For example, the demo shows the bot automatically uploading and parsing pictures of receipts. It then determines the amount of the expense and the time of day, makes an assumption on the type of expense, and creates an expense report. Several steps in creating such a report are now automated.

Another feature of the expense bot monitors the user’s email inbox for pdf receipts, such as hotel folios or rental car receipts, then uploads and parses them to itemize and categorize the expenses automatically.

This was all done via a chatbot that simply notified the user when expense items were created and ready for use. When the user was ready, an expense report was created and submitted.

We also built in an option where, if any policy violations occurred on the expense report, the user could login to ERP Cloud to review and rectify them.

No one likes doing expenses, so people who see this demo are happy to offload the pain to a chatbot. Plus, we found new insights that can be valuable, such as automatic itemization of hotel folios, which allows for local tax comparisons that could lead to savings.

Ambient interfaces

For several years, ambient interfaces have interested us. At CloudWorld, Kurian referred to “ambient human interfaces” as virtual assistants that users interact with by voice.

Our investigations into ambient interfaces have included virtual assistants, as described in the previous sections, but we also view them as the next iteration of smartphone notifications, passively showing only the most important information.

At Oracle OpenWorld 2016, we showed an ambient visualization; the original goal was to create a piece of art that changed based on information gathered from the room. Anyone who understood why the visualization changed could get real-time data on where people were in the room, but to everyone else, it was just a piece of dynamic art.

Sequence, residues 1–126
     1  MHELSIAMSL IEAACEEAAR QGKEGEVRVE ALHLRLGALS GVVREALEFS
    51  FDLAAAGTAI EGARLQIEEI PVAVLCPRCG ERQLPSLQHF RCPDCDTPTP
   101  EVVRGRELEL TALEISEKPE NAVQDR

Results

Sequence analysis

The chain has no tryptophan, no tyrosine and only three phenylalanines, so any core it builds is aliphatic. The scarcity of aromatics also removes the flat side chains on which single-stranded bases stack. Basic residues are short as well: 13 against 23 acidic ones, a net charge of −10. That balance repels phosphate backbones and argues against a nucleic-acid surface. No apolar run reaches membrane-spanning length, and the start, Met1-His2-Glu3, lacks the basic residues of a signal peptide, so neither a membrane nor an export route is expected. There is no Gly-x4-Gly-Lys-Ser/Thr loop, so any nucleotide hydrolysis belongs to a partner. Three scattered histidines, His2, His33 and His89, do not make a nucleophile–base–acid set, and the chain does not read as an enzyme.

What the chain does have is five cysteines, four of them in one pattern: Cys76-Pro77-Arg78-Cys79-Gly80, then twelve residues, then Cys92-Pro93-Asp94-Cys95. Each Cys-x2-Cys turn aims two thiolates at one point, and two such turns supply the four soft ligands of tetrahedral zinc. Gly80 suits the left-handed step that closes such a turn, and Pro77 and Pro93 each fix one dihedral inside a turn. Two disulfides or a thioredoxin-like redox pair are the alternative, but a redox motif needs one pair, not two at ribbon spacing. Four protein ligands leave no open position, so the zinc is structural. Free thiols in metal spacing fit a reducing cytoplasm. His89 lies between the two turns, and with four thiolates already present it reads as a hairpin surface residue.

As with many of our projects, this was a research initiative. By giving an example of what we meant by an ambient interface, people could apply their own knowledge to give us valuable examples of how this type of interface would help them with their work.

Internet of Things

The connected world around us has been an area of personal interest for our team for nearly a decade, and a few of our team members have been building internet-connected projects at home since before the term Internet of Things (IoT) was coined.

This long history has led to several IoT projects, including a real-world Smart Office in our lab at Oracle’s headquarters in Redwood Shores, Calif., and its portable equivalent that has been shown around the world. We also developed an IoT-based Community Quest with Oracle Developers at OpenWorld 2015, and our IoT workshops have been part of Oracle Code events since the program began in 2017. And at last year’s OpenWorld, we collaborated with the Oracle IoT Cloud Service team, Oracle DevelopersRelayr, an Oracle partner, and Alpha Acid Brewing Company to create IoT Cloud Brewed Beer.

Our focus recently has been on making the sensor-filled environments around us more valuable. Now that physical spaces and objects are collecting data, what efficiencies can we uncover in that data to benefit our work? As always, we’ll be conducting research first, asking questions, and listening to people.